A number of Zimbabweans harbour the feeling that people working eagerly in government companies and departments run the risk of being booted out because of that eagerness. Former NetOne CEO Reward Kangai seems to also agree that being innovative whilst working in a government-owned enterprise might not be the of ideas.
Posting directly to Twitter, Reward Kangai spoke on companies having to choose between innovation and cost-cutting. The thread is pretty informative and given that it’s coming from the former CEO of the second largest network provider it does give some perspective as to how some of the decisions made in the past few years were reached. Here is the thread:
Some 10 years ago, Mobile Telecomms operators reached a crossroads, where they had to choose the route of ‘COST CUTTING’ or ‘INNOVATION’. Those that chose the INNOVATION route are reaping handsome dividends. Cost cutting route brought short term benefits but not sustainable.
What gave rise to the point of crossroads are many factors, key among them is the ‘Death of distance’, as reported by the Economist magazine more than 20 years ago, largely brought about by the Internet & Mobile telecomms itself, as the key vehicle for Internet delivery.
The ‘Death of Distance’ meant that distance was no longer a factor in the cost of a call. We all know this as the cost of an overseas call now, is what it costs to access the Internet! This is all courtesy of Voice over the Internet Protocol, VoIP, like WhatsApp, Telegram etc.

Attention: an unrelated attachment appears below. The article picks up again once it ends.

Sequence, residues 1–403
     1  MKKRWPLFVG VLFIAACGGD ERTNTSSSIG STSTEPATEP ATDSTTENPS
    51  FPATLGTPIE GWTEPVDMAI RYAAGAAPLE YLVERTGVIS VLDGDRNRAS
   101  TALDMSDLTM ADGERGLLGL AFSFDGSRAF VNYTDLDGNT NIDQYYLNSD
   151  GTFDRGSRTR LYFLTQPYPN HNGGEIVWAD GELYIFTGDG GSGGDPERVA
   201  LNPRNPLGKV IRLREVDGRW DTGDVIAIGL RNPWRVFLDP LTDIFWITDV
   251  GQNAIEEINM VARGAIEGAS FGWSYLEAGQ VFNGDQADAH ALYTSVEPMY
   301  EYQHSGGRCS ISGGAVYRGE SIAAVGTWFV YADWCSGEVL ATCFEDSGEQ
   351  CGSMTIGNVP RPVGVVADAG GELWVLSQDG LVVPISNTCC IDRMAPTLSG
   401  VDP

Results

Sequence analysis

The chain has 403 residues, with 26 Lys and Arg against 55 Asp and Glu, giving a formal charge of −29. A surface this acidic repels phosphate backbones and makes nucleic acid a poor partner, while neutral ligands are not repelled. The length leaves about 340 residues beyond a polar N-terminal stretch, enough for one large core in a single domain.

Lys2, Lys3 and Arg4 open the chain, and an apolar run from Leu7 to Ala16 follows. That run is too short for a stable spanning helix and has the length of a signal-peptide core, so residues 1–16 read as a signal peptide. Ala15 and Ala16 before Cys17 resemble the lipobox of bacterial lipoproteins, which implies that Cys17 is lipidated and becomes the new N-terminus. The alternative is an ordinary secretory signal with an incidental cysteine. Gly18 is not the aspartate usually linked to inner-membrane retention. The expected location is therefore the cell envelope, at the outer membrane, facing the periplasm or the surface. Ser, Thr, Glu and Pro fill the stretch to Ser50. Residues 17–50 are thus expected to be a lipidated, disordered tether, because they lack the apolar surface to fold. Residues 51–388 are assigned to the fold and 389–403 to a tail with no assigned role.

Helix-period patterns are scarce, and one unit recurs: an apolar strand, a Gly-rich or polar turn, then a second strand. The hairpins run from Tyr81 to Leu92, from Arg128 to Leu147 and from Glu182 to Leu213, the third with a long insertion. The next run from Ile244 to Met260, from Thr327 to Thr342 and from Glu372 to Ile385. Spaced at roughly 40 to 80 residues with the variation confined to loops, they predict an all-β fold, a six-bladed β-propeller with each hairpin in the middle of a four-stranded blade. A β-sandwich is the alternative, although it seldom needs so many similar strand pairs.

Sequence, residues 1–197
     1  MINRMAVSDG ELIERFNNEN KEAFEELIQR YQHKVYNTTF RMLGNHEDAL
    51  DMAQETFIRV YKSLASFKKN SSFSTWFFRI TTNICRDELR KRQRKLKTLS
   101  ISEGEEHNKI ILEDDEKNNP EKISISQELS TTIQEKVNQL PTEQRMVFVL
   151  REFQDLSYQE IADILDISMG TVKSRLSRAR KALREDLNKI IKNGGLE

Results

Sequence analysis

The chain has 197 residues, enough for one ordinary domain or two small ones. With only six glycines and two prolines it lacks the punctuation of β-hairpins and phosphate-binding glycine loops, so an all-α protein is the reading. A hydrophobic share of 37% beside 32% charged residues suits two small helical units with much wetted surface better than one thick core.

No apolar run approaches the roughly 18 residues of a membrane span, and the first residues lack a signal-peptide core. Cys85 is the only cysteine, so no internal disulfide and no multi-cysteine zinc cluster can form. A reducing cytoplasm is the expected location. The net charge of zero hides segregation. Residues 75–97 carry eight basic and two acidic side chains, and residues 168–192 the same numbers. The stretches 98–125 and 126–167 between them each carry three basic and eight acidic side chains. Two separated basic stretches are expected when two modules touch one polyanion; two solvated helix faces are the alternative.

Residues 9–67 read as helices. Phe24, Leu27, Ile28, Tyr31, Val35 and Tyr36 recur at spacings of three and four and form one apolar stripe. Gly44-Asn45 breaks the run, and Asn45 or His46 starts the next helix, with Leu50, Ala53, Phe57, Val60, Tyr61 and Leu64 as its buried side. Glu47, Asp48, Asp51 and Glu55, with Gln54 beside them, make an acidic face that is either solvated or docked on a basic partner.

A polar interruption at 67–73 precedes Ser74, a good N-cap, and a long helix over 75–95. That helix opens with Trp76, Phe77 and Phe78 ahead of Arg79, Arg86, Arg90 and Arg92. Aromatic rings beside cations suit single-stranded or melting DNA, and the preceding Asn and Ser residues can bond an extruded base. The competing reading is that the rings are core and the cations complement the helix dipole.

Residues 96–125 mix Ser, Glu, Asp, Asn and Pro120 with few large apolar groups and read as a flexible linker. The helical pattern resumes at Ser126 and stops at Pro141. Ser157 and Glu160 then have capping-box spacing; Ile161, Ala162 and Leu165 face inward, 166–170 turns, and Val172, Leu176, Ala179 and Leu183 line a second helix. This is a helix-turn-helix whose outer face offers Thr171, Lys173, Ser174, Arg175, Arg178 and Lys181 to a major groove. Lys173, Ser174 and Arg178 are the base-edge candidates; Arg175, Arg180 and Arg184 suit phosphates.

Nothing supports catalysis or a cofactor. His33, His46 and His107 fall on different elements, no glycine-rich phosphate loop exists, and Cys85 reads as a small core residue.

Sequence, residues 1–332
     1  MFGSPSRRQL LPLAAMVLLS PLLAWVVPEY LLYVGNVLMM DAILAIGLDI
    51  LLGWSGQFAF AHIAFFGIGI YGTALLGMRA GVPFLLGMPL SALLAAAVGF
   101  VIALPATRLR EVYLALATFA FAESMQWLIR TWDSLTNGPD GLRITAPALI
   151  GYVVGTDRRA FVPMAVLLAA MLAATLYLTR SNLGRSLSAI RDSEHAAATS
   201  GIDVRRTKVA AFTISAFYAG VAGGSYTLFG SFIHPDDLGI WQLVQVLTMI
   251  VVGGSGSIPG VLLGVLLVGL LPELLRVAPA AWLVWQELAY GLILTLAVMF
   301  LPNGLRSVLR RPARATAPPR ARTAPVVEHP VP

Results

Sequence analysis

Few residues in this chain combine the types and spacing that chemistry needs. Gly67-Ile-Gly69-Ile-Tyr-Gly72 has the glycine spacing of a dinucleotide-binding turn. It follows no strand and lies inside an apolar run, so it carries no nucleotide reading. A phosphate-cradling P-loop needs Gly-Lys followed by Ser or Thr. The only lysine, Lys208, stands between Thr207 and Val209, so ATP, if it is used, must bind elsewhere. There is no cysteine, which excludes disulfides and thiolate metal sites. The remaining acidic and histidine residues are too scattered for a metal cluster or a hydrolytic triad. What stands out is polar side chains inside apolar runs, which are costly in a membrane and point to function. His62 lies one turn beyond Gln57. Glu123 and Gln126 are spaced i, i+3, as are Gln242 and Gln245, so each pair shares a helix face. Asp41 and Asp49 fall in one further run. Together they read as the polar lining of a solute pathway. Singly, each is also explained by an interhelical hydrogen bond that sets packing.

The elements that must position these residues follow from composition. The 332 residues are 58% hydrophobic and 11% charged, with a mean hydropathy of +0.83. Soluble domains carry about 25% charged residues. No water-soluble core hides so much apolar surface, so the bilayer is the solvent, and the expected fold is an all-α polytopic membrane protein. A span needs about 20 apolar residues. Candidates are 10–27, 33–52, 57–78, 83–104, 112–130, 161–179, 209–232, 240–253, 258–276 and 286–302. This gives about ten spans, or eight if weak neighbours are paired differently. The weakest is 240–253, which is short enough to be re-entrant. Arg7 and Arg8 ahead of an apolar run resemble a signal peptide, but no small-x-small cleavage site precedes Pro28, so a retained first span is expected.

At the same time, the infrastructure capital costs needed for Internet service increase, as mobile networks evolve from 2G to 3G,4G, 5G. They have faster speeds but their geographic area of coverage decreases, hence more base stns needed & more capital & operational costs.
Faced with the dichotomy of increased capital & operational costs, whilst revenues were heading south, many mobile operators chose the ‘Cost Cutting’ route, but that’s not sustainable in the long term & is, in fact, a ‘perilous route’, to use the expression Dr W. P. Mangwende
For a State Owned Entity, SOE, the INNOVATION route is noxious to management, given the rigid Gvt controls, bureaucracy, uneven regulatory framework etc. I can confirm that Innovation in an SOE is punishable! So, what then is the way forward for an SOE in the industry?
Gvt needs to get a Strategic Partner for a combined Mobile & Fixed Telco operator. Strategic Partner MUST be a global operator with at least 10 operations in Africa, in order to benefit from economies of scale & scope in equipment purchases & product development.
Finally, Gvt through MoF @MthuliNcube needs to provide an avenue for the ordinary Zimbabwean to also purchase some shareholding in the combined Mobile & Fixed Telco SOE to be privatized & some Employee Share Ownership scheme as that would increase subscription & staff motivation.Reward Kangai Via Twitter
Whether the punishment Reward Kangai is referring to is his controversial removal as CEO of NetOne or it’s something else is not entirely clear but considering NetOne and Telecel’s track record with innovation, I can’t help but give Mr Kangai some benefit of the doubt.
Considering that there are only 3 operators and the government has shareholding in Telecel and NetOne, it’s not too hard to conclude that the “many mobile network operators” referred to are the ones that are owned by the government.
The (perceived) lack of innovation at these two networks has resulted in both playing catch up to Econet who are far ahead in terms in the telecoms space and also in the mobile money field where they are all competing.
The governments plan to sell part of their stake in NetOne and this could result in some reforms and a culture that fosters innovation even though it doesn’t meet Mr Kangai’s suggestion of employee share ownership and ordinary Zimbos having a stake in the company that formerly employed him.
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